These boards let you surf places you might not have otherwise surfed so take advantage of that. Search out new frontiers. “Dave (Parmentar) uses the aviation analogy. The birth of aviation meant we could expand our frontiers in a peaceful manner or bomb the shit out of people,” says Keaulana. “Let’s not repeat history. Don’t bomb the s%#t out of people. When the opportunity arises, when a new swell lights up an out of the way spot, attack those new frontiers.”
4) KNOW YOU ABILITY/MASTER YOUR EQUIPMENT
Most surfers who try standup surfing consider themselves fairly advanced. But putting a paddle in your hands is a foreign experience. Believe it. It is not easy. “Go out on your own for a few weeks,” says Keaulana. “Even if you think you are Kelly Slater, you will be humbled. The paddle and the board should be an extension of your body. Until they are, stay out of the way.”
5) SIT IN THE CHANNEL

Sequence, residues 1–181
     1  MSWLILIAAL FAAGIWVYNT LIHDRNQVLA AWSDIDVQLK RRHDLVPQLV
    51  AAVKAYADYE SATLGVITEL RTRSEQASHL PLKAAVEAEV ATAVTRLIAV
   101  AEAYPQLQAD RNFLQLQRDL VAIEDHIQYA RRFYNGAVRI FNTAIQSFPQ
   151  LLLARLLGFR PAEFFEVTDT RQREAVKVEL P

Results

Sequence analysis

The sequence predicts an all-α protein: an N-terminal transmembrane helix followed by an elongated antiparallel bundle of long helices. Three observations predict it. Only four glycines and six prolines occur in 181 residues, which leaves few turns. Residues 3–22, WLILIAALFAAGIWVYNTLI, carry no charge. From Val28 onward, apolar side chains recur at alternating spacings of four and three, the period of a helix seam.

After catching a wave, instead of paddling back out, kick back in the channel for five minutes. The other surfers will appreciate it. “You are already sticking out like a sore thumb out there,” says Keaulana. “Chilling on the inside for a few sets will keep the swelling down.”
Call out approaching sets. Use your vertical position as a benefit to others. “Not only do I do that, says Keaulana. “Over here (Makaha) I see sharks, whales. I let others know who and what is sharing their home with us. You call out a big tiger (shark) and people are real happy you’re standing up and seeing things.”
Hopefully some of Brian’s rules will be heeded. Etiquette is such a slippery slope. Often times proper etiquette goes by unnoticed or unappreciated. I’ll let waves go by, hoping the crowd on the inside of me will appreciate my discretion, only to watch surfers with more mouth than ability stumble and grumble their way to frustration. Then they’ll misdirect their frustration born of inadequacy toward the guy having fun, me. Nevertheless, I won’t let underappreciated etiquette efforts stop me from continuing the righteous course and either should you. There are plenty of kooks, let’s not add to the mix.